• asylum seekers are not sent to immigration detention but released through parole or other legal authority and referred to case-management services operated by non-profit organizations for additional immigration court appearance support where needed;
  • children arriving at the border are protected, guaranteed fair opportunities to seek relief, and relevant agency policies and procedures ensure consideration of the best interests of the child in every decision and compliance with the Trafficking Victims Protection Reauthorization Act;
  • adequate financial, logistical and other support for organizations and local governments sheltering and arranging onward transportation is provided to ensure the humane and orderly reception of people seeking protection in the United States; and
  • support is distributed to UNHCR, shelters, and other civil society organizations that provide for the basic needs of people forced to wait in Mexico.

In the coming days, your administration must also swiftly address other harmful and illegal policies not mentioned in the Executive Order that block, punish and deny relief to children, families and adults seeking humanitarian protections in the United States, including:

  • asylum turnbacks through the so-called “metering” of asylum seekers at ports of entry, which effectively deprives them of access to the U.S. asylum system;
  • detention of asylum seekers, including families, and denial of parole, which illegally punishes people seeking refugee protection in the United States, as well as reports of discriminatory detentions and release denials of African and other Black asylum seekers and migrants;
  • a slew of regulations, policies, and Trump administration Attorney General rulings that aim to undermine U.S. refugee law through executive action, subvert due process norms, and rush immigration court adjudications;
  • criminal prosecutions for unauthorized entry/re-entry, including of asylum seekers, in violation of U.S. treaty obligations;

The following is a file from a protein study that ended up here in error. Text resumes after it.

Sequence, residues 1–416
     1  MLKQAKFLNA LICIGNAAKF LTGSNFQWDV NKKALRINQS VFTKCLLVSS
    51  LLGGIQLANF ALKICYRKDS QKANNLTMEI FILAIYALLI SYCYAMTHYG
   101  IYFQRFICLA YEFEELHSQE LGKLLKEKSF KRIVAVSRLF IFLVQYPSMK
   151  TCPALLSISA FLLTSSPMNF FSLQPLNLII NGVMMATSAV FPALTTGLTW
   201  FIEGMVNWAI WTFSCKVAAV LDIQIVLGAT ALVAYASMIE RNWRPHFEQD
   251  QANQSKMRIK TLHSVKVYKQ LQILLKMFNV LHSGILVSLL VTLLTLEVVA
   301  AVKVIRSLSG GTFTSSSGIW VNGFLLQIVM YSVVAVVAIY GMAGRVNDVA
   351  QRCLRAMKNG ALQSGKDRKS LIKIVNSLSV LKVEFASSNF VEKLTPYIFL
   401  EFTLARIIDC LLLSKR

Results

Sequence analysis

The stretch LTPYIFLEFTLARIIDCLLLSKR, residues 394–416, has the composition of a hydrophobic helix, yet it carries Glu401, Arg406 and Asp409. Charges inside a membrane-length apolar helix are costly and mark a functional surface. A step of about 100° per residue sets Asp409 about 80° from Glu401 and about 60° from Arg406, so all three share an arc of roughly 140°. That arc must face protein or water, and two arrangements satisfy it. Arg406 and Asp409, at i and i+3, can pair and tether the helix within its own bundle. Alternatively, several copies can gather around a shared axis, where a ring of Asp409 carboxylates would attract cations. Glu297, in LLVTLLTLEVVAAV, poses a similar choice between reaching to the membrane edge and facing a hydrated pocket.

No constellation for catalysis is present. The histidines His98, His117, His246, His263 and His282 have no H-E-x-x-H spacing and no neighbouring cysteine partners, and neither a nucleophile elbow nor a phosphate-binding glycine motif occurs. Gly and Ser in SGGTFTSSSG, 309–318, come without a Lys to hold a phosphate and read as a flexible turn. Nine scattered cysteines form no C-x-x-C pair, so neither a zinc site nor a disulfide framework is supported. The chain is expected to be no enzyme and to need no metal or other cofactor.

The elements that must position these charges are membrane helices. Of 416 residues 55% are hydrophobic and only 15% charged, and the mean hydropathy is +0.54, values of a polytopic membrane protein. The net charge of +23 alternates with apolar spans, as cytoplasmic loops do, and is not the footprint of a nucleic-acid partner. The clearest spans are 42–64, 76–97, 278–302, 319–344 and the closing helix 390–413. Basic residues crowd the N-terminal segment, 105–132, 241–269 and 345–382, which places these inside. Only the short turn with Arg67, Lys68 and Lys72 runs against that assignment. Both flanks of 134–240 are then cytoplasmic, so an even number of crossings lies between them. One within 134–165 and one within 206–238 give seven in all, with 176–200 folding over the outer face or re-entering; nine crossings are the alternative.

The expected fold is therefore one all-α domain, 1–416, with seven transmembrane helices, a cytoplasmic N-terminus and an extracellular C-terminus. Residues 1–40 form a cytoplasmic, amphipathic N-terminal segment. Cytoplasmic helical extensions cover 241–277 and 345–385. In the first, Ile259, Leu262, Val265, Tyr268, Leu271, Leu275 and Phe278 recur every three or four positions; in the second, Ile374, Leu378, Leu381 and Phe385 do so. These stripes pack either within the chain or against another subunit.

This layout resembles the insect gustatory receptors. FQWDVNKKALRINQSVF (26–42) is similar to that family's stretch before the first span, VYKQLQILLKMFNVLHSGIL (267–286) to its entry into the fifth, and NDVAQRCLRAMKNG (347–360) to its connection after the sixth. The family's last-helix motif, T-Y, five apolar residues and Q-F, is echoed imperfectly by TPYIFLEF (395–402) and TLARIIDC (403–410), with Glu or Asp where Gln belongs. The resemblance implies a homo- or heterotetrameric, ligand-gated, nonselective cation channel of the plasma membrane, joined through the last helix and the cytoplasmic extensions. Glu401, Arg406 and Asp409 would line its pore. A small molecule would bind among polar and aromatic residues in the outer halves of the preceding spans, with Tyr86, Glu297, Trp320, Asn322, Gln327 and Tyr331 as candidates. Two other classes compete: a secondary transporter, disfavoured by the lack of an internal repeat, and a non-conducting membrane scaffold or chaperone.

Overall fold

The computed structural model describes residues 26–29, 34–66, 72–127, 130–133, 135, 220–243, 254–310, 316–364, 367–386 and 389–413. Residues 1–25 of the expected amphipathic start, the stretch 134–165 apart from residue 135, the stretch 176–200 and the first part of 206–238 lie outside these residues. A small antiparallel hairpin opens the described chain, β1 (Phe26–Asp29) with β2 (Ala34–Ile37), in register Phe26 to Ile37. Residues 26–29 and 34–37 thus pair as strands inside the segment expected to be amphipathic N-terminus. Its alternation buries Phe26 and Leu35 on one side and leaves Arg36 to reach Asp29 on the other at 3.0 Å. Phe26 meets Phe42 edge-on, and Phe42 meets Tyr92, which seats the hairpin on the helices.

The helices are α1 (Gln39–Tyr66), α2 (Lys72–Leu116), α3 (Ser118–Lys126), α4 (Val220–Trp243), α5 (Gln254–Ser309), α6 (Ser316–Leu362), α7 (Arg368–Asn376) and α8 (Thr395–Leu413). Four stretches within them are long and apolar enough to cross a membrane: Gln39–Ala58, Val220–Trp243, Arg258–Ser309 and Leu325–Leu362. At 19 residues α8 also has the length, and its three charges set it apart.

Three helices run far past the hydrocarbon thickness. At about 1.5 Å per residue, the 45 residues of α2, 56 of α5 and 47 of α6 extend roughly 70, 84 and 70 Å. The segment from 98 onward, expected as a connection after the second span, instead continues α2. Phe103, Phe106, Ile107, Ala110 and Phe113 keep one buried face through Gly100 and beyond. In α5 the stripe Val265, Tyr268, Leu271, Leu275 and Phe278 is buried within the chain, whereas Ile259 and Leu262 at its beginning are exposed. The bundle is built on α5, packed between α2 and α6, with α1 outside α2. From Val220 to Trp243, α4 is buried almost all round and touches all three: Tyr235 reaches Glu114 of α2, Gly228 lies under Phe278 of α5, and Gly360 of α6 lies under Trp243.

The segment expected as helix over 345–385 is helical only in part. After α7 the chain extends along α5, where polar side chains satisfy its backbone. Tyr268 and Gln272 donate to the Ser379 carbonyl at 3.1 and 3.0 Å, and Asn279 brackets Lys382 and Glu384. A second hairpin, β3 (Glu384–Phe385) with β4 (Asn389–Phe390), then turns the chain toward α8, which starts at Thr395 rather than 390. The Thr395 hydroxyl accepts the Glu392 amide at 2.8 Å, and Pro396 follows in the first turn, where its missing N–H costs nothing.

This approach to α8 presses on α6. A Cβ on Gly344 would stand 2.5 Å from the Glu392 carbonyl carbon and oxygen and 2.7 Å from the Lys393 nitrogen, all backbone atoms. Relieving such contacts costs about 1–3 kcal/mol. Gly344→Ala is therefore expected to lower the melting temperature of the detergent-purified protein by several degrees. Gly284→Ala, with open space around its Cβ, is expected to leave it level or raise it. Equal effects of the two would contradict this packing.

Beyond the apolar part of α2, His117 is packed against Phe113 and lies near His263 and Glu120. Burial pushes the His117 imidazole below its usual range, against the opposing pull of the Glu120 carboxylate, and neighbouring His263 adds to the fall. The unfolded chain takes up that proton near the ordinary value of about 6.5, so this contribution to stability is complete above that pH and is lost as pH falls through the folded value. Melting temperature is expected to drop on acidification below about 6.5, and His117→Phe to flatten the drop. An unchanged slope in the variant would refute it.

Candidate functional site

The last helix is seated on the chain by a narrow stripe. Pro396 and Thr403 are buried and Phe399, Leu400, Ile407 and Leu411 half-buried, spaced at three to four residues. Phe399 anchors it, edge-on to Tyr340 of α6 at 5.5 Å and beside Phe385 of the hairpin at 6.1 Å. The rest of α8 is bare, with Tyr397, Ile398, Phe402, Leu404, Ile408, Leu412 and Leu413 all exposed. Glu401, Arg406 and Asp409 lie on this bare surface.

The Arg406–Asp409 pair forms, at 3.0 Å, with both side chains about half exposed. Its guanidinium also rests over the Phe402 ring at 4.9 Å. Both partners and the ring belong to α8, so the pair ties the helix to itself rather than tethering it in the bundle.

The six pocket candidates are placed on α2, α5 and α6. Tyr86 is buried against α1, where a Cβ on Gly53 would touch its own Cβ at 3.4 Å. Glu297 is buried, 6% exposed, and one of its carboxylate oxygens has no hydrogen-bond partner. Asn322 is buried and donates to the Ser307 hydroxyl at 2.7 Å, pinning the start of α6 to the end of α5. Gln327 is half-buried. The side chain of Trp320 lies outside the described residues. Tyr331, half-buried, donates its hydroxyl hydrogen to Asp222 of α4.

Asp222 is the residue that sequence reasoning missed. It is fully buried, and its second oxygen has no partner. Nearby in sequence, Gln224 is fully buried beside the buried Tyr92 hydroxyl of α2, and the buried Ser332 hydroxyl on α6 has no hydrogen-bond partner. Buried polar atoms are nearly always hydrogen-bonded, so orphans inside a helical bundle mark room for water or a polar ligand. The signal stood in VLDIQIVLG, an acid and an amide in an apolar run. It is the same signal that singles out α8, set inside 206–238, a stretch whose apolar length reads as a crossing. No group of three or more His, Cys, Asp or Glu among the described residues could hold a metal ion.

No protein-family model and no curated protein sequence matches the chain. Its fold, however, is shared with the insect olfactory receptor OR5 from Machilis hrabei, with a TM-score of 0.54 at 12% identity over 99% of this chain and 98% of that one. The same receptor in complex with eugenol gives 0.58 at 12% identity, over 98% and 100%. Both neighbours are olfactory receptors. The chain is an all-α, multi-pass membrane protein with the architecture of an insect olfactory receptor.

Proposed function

• review politicized hiring and promotion of immigration judges and Board of Immigration Appeals members biased against asylum seekers and other immigrants;
  • lack of appointed counsel for people in removal proceedings, including children and indigent asylum seekers; and
  • cruel restrictions on work authorization, denying asylum seekers the ability to support themselves or forcing them to work informally under exploitative conditions as they wait adjudication of their claims. Delayed access to work authorization should be reviewed especially in light of the lack of federal or state assistance to asylum seekers during the lengthy adjudication period.

Finally, we are grateful to see your administration commit to restarting the Central American Minors (CAM) program, which provided a pathway to safety through resettlement or humanitarian parole for children from the Northern Triangle of Central America by reuniting them with a parent in the United States. As your administration initiates this process, we recommend:

  • providing necessary resources to ensure the safety of children waiting for reunification, access to legal orientation and counsel, and application preparation support;
  • ensuring CAM parolees can receive Office of Refugee Resettlement (ORR) services, have a path to permanent immigration status, and that parents in the United States reunifying with CAM parolees are protected from deportation to avoid family separations; and
  • extending CAM to cover young people who aged out while CAM was terminated or have other relatives in the United States who could safely care for them, and considering a program to allow parents to reunite with children in the United States as parolees or asylees.

To ensure communication and address emergent issues during the review of these policies, we respectfully request that your administration:

  • immediately designate public DHS liaisons for urgent cases, including impending deportations, Title 42 expulsions, individuals in MPP facing extreme harm or with medical vulnerabilities, and other emergent matters;
  • convene regular engagements between officials from DHS, Health and Human Services, the Centers for Disease Control and Prevention and other relevant agencies with legal service providers and other groups working with asylum seekers; and
  • publicly provide timeframes for review and further agency actions, including a timeline for transiting asylum seekers forced to remain in Mexico due to MPP and/or Title 42 to safety in the United States.

Published on February 9, 2021